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International Success For NZ Play

Please find attached information (and text below) about the upcoming London production of STiFF by New Zealand playwright April Phillips.


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International Success For NZ Play

STiFF by New Zealand playwright April Phillips is being produced by The Questors Theatre in London 30 May – 6 June 2009.

The Questors Theatre in Ealing, West London, is the largest community theatre in Europe.

“The London production is very exciting because it is uncommon for a Kiwi play to be produced by a British theatre company.” says Mark Amery, director of Playmarket, New Zealand’s playwright and script development agency.  “It’s usually Kiwi actors and directors based overseas who put on Kiwi plays for ex-pat Kiwi audiences.  Questors is a London theatre producing a British premiere for an English audience which is a great testament to the broad appeal of Phillips’ writing”.

New Zealand playwright April Phillips is well known throughout the country, with most amateur companies having produced sell-out seasons of her play STiFF.  The successful comedy has revitalised theatre in some provinces where live theatre has struggled to attract audiences.  

The play’s international success is growing with multiple productions in Australia and even Norfolk Island.  The UK debut has the potential to open the play up to a vast theatre market.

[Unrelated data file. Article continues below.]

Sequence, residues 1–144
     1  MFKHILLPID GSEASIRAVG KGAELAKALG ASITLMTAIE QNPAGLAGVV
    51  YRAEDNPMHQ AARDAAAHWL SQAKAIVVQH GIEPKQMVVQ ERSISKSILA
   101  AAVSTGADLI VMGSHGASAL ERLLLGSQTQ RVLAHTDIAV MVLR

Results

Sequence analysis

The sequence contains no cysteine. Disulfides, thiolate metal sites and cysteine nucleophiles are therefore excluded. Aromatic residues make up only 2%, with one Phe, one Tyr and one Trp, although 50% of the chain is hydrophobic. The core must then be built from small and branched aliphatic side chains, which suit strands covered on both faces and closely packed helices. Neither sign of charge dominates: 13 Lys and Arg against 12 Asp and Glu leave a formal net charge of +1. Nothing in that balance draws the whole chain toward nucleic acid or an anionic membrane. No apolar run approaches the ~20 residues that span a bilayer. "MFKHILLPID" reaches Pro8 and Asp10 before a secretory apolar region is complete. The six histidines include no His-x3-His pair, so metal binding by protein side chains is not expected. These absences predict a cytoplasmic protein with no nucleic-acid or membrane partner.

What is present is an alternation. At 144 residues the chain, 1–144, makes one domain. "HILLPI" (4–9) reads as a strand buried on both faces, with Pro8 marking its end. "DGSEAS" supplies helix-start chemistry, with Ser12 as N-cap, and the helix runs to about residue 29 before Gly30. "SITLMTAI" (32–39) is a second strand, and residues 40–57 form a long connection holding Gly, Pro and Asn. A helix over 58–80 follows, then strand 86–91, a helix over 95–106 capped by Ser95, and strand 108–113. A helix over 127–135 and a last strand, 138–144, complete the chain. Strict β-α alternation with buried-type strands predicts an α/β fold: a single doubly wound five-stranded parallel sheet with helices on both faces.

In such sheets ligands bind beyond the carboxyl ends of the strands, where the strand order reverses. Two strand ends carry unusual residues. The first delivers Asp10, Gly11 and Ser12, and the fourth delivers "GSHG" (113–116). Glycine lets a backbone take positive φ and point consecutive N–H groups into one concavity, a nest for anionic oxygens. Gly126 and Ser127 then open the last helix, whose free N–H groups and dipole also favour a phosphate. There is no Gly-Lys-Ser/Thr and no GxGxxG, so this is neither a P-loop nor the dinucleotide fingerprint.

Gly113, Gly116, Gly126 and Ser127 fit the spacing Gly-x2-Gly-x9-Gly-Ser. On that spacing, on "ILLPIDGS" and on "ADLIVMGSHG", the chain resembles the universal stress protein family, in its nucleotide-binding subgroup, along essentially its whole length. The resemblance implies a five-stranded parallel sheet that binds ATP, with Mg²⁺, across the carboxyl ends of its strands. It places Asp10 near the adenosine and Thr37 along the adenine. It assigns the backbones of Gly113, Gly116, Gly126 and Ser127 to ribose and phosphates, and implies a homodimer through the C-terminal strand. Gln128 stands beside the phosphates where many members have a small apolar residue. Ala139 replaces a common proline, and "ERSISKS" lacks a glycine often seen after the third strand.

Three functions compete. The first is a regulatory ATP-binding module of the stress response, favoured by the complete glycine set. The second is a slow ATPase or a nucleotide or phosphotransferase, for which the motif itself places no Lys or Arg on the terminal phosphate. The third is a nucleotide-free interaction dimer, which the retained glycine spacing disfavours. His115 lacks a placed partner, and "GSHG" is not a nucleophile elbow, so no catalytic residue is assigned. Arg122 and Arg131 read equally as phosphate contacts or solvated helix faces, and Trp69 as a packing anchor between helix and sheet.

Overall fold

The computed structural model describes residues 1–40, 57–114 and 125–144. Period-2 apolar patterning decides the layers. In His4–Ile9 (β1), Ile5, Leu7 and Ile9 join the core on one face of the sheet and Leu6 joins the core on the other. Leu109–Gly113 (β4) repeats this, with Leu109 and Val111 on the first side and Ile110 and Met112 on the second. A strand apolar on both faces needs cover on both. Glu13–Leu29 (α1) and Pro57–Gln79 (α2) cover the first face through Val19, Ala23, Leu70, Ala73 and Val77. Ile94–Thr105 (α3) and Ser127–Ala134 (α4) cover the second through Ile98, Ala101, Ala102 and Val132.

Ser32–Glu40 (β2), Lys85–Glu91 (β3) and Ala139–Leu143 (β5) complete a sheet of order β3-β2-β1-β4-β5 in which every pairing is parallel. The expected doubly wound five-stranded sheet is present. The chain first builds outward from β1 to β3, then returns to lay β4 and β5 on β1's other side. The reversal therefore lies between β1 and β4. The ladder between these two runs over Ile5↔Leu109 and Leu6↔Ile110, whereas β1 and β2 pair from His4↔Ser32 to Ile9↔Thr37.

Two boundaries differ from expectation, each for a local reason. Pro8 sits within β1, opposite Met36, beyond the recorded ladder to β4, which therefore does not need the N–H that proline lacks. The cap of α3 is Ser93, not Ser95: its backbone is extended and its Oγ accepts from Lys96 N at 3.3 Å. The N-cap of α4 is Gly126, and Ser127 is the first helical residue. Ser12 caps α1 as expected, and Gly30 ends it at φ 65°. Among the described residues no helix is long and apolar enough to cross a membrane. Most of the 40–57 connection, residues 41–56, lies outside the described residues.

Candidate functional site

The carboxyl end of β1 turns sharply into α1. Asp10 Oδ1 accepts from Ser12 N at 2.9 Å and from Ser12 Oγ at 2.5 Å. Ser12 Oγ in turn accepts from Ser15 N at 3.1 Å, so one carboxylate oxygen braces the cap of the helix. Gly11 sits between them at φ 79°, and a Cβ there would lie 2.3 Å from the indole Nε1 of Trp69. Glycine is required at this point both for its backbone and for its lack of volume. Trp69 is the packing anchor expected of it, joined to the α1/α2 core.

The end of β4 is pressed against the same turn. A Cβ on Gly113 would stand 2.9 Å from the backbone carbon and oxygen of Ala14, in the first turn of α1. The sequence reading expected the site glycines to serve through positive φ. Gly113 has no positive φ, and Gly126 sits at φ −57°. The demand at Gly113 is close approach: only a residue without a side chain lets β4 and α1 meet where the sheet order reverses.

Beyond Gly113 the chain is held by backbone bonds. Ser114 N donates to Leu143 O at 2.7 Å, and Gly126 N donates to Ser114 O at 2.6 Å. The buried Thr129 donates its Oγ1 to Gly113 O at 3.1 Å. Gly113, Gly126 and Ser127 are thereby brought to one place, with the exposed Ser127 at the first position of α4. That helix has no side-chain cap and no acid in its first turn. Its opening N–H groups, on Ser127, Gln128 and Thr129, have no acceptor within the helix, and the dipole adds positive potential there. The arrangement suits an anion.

STiFF is a fast-paced situation comedy about a prostitute who inherits a funeral parlour.

Angel Delight and her team of 'girls’ (including an obsessive compulsive transvestite named Delilah) run an undercover massage parlour in the funeral home keeping up appearances despite the prying of a disgruntled former employee who feels he should have inherited the business.

Suspenders, death by misadventure and unorthodox embalming techniques feature in this hilarious, quickfire comedy.  Rude not crude, cheeky not vulgar – it’s a modern farce with lots of great characters.

Phillips, who is also an accomplished actress and singer, says that her comedy writing is sharply influenced by all those wacky British TV comedies she grew up with such as Fawlty Towers, It Ain’t Half Hot Mum, Dad’s Army, Are You Being Served and The Goodies.  Her aim is to “keep them laughing from go to whoa and have them leave the theatre with a smile on their faces”.

Phillips will travel to London to attend the UK premiere.

In total, this bawdy farce has had 25 productions in the past 5 years, 23 of them since 2007, 6 international. To put these figures into perspective, Roger Hall’s Taking Off has  been produced 23 times over the same period.

END

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